Let’s Move and every other government or industry statement in terms of health perpetuates talk of the “obesity epidemic” in mysterious ways, never naming aspects of the problem clearly. CLEARLY it is a problem when you can go into Olive Garden (or the like) and for a very reasonable price consume two or three day’s worth of processed, unhealthy calories in a single meal — without even realizing it. You may have a vague idea that what you’re doing isn’t exactly good for you, but you have no clear idea of just how bad for you it probably is.
Similarly, federal, state, and city governments during the early days of AIDS seemed incapable of making a clear statement on the matter, and for similar reasons. Vague governmental nutritional advice (which never comes out and says what not to eat or to eat less) is curiously similar to the vague advice to “choose partners who appear healthy” or “limit your number of sexual partners” even as researchers and officials were aware that healthy-looking people may well transmit the virus and that it really only took coupling with one infected partner to become infected yourself. Public health officials in New York and San Francisco knew that bathhouses were a real danger, that the kind of sexual activity that they facilitated was a slow-moving retroviruses’ dream. (Because people can be infected and infectious and yet look perfectly healthy for quite some time, the virus can insinuate its way into many, many, many people very efficiently, particularly in a bathhouse-type setting, which encourages multiple partners.)
But bathhouses also made a lot of money for the people who owned them, and, understandably, from my point of view, many in the gay community thought that shutting them down was a form of discrimination, perhaps the first step toward a ‘Final Solution’ — especially because ideas of what, exactly, the virus was and how, exactly, the virus was spread still seemed to the general public, thanks to what journalist Randy Shilts called AIDSpeak (echoing Orwellian Newspeak), so foggy and indefinite.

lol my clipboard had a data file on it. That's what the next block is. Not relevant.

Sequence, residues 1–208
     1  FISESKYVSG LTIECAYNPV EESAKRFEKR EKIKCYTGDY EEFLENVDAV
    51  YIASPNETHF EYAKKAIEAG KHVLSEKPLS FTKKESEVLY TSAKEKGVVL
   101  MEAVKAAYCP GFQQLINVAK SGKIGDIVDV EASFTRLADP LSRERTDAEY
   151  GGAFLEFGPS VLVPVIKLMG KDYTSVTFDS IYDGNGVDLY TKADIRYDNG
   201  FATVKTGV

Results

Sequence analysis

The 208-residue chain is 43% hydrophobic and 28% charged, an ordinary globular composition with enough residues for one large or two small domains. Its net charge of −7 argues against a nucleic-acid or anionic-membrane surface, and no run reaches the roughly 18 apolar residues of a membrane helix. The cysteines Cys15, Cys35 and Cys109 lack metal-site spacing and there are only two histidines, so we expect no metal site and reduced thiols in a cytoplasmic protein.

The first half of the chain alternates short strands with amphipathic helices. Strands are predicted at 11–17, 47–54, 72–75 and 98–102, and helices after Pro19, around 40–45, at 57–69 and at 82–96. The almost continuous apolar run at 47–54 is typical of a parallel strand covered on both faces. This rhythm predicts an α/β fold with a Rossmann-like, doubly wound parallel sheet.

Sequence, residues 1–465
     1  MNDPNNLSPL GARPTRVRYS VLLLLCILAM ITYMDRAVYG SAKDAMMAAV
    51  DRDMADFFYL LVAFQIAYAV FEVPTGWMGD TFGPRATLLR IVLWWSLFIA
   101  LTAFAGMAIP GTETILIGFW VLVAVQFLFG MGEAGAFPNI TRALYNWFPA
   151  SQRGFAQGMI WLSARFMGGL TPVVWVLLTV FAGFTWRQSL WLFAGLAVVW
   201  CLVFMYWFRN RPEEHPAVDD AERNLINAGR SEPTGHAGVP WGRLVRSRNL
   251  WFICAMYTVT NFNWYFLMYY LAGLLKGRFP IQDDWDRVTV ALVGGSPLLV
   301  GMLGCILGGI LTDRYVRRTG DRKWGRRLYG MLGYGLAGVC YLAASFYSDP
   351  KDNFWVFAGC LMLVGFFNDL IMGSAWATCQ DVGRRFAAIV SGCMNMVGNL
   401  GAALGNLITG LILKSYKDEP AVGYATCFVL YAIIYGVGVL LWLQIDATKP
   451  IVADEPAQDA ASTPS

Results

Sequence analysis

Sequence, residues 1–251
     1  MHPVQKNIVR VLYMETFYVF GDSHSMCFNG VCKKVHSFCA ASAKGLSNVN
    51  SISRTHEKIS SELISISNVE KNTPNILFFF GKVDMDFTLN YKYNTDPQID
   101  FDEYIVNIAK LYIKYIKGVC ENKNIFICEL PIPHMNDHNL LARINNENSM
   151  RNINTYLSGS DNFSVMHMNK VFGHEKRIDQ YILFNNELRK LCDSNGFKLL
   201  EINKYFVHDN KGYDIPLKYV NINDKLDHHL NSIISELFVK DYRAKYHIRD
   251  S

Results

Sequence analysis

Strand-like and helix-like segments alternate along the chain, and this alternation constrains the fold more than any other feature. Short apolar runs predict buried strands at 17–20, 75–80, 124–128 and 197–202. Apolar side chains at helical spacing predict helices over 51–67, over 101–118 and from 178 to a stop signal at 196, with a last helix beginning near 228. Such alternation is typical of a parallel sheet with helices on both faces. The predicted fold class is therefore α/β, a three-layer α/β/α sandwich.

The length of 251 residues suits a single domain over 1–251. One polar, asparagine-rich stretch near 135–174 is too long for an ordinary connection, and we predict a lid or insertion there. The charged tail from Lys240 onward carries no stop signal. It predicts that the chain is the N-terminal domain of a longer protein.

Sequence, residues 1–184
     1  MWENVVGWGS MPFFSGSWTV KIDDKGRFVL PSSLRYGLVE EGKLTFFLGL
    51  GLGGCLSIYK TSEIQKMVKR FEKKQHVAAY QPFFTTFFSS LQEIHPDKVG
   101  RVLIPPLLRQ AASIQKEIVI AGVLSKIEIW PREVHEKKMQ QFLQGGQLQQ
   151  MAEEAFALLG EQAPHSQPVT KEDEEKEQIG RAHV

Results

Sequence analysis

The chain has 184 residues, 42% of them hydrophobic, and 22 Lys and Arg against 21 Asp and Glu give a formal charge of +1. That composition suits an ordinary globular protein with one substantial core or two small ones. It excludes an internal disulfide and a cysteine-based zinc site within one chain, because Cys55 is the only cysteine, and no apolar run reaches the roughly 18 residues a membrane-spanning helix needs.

Similarly, fast food is a huge industry. Soda is big business. If Michelle Obama says, as part of her Let’s Move campaign, that what people really need to do is stop eating processed food and start cooking, people will be all over her for:
1. Hurting big business, and;
2. Implying a retro vision of mama-in-the-kitchen.
It’s not that I think it is all that easy for modern North American folks to start (or to go back to) cooking from scratch if they largely subsist on prepared foods, but even “healthy” varieties of prepared foods tend to have a lot of excess fat and sodium, and mostly eating simple food that is cooked mostly from scratch by SOMEONE (not necessarily you) is probably one of the best for your health, with the caveat that the occasional meal at In-N-Out Burger (full disclosure: how I love thee!) isn’t going to kill you. But all that is too nuanced of a message for any politician (or politician’s wife) to give, and so we are left with Orwellian vagueness, encouraged to “choose” foods that are low in sodium or saturated fat but never told what those foods are, or, for that matter, to avoid any particular food whatsoever.
I think these two different but related stories testify to the tremendous power of words: that simply to name the facts in a situation — without blaming, without bias, without financial or political interest — is extremely difficult, if not impossible, and yet, so necessary.
As compelling as I find both these subjects — HIV/AIDS and food politics — what’s more compelling is the dynamic of un-sayability implied in Newspeak, Foodspeak, and AIDSpeak.
Why do you think it is so hard to say things?
What other kinds of Newspeak do you encounter? Do you encounter it within powerful faith communities?